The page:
by Jeff Milo
Doc Illingsworth knows he and his two rap allies in Detroit CYDI get labeled because of their quirky canon of cuts:
Maybe it's as the ringtone rappers, the enthusiastic youtube-utilizers, the satirical 8-bit-bumping sardonic-sweeteners. What-have-you...
"We're people," Doc said of he and CYDI (Sean Uppercut, Rufio Jones), "and we're gonna make what we want to make."
Adam Pressley of Jamaican Queens is conscious of how labels can smack of tired, lame cliches. He offers that the new band started between he and Ryan Spencer (a disco-mix-tape inspired recording project rising from the ashes of Prussia's break up) is, if anything: "abrasive chamber-hip/hop."
Or...It's whatever kind of dark-n-dreamy groove organically/inevitably tilled when you blend their bladed sensibilities for electronica, hip-hop, reggae and art-rock...
...if you need those labels.
Labels like "alt-country," which Kate Hinote, lead singer of The Blueflowers, acknowledges as a descriptor given to their previous work In Line with the Broken Hearted -
Beyond that, their tastefully twanged tumblers and bittersweet ballads of western-whirled wonder were given the more glamorous tag of "folk-noir" at some point, something she admits that their forthcoming album Stealing The Moon (out June 23) fits a bit finer than In Line.
Music-journalists as anthropologists:: We need to hem these talents into genus and species, box them and test them and compare them against various documented types of genre teasers from the past.
Rap. Country. Chamber-pop.
Don't listen to me.
Listen to them.
Detroit CYDI - June 8 - 555 Gallery - Detroit with: Spec-Illest / Stryfe / Cold Men Young / Clear Soul Forces
With CYDI, you'll inevitably get a zesty blend of hip-hop sensibilities - considering the influences each leaned towards in their younger days. It's telling that Doc Illingsworth underlines the particular influence of the madly multifaceted Wu Tang Clan. But each, be it Sean's leaning towards the East Coast rap as a teen or Rufio's gravitation to the West and the Southern stuff, seems to effectively cover the wide range of rap philosophies.
"There'll always be some kind of balance," said Doc, "or some kind of equal-representation to these different sides."
Jamaican Queens - June 9 - ...a house show kicks things off for this new project...a loft space (the address of which I can't blather out in public) - So sayeth their Facebook Page: "If you're our friend, ask one of us for more details..." (Info) -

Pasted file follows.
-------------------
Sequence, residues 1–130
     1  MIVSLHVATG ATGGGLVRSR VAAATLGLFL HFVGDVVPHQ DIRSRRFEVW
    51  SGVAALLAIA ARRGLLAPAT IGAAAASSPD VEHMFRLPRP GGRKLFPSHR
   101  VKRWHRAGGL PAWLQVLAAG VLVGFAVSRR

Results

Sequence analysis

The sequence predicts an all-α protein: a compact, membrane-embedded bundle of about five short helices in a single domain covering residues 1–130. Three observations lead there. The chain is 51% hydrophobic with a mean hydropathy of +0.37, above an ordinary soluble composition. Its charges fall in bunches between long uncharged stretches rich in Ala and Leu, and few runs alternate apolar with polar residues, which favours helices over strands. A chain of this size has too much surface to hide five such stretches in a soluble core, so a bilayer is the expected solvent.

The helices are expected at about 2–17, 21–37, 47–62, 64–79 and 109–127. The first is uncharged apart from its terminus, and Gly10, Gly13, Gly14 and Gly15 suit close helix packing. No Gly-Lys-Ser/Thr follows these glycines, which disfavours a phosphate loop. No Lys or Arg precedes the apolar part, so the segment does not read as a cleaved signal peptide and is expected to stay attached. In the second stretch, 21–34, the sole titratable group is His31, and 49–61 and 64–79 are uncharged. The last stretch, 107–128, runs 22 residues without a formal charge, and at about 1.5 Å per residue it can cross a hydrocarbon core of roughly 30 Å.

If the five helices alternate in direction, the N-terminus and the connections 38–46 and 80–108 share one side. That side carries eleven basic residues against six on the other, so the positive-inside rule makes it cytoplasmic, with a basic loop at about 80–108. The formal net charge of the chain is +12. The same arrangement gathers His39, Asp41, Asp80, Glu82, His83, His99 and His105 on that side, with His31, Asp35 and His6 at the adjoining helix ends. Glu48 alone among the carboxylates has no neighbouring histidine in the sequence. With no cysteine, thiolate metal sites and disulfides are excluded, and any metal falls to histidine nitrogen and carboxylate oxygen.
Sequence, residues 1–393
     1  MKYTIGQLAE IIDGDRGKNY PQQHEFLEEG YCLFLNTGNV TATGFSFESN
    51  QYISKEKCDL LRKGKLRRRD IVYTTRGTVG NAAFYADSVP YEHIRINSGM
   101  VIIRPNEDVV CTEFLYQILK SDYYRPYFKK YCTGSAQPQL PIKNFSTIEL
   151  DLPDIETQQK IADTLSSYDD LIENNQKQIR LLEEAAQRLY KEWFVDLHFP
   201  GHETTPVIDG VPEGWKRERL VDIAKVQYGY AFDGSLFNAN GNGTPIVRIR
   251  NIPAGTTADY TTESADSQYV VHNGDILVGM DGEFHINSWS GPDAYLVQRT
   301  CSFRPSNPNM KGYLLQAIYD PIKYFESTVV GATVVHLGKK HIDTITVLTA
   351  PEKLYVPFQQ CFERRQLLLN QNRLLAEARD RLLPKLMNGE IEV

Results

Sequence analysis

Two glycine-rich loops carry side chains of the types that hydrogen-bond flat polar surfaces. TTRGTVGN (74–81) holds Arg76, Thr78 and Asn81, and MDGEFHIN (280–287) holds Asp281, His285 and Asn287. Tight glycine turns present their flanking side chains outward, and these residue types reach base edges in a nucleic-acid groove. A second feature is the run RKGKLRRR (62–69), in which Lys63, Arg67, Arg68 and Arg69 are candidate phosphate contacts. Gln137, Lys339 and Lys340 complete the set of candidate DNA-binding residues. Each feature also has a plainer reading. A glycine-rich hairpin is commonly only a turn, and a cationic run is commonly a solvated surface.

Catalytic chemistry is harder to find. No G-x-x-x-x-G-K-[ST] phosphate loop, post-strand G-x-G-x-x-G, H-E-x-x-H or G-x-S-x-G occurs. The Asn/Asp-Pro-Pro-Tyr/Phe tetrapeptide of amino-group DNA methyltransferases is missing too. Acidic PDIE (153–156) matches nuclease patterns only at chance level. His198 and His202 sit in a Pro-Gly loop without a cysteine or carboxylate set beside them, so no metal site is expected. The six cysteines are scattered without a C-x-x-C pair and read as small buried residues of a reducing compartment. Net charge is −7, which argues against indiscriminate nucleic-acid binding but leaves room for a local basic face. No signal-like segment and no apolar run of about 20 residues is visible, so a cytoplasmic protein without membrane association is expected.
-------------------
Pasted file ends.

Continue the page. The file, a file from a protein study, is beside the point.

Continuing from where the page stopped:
Pressley admits: "It's a lot different creating music when you know people are going to hear it...."
Indeed, that toes into the same ol' hang up of -how's-it-gonna-be-labeled or -received (perceived?)
Pressley, who joined Detroit's Prussia as a transplant up from the Bloomington-IL-scene by way of indie-rock band Ohtis, came in just as Spencer and the rest of the group was beginning to record its unintended swan song Poor English. The multi-instrumentalist with hip-hop/electronica leanings emphasized how attractive a two-man writing/producing operation can be (i.e. he had shown Spencer some of the rap-beats he'd been working on and that led to the eventual synced-up-spontaneity of the Prussia Goes to the Disco Mixtape...which, essentially, is the origin of our current subject: Jamaican Queens). Jamaican Queens, however, has grown from a duo to a quartet (acoustic guitar, fuzz bass, acoustic and electronic drums, and a sampler) with Abby Fiscus and Ryan Clancey.
It's best, Pressley said, looking back at how those Disco tracks were written and recorded without any mind towards releasing them, to then embrace some of that vibe of not over-thinking the writing, (that could help keep things freer and breezier for when it's with Jamaican Queens - material they do intend on releasing and were conscious of releasing as they recorded it), but simultaneously not half-ass it or fly-off too half-cocked. (Wow, that sentence got dirty at the end).
Blueflowers - June 23 - Magic Bag - Ferndale -album release (Stealing The Moon) -with: Crashing Cairo and Lost Patrol.
Write-ups for this band are often adorned with twilight curtains, dust-blown banjo wails resonating inside this serene yet supernatural roadside indie/artsy honky-tonk bar outside o' town, far enough away from the light pollution to let the sadly beautiful stars shine.
Hinote jokes that all she writes are "break-up songs."
She's got the voice for it, for sure: wispy/syrupy voice striking that balance of warm fuzzy croons and chilly whispers. "But really, it's true: I can't really explain it, other than that the struggle of relationships, the wanting and the rejection, and even the reject-ing, are universally understood and relatable... and constant. I'm an overly sensitive and pretty dramatic person, though I don't like to think of myself as a drama queen. Those feelings and struggles that I write about are all that comes out when I write..."
Why question it? Because I, the music writer...questioned it...
Ah, labels, they're inevitable. (Or are they?)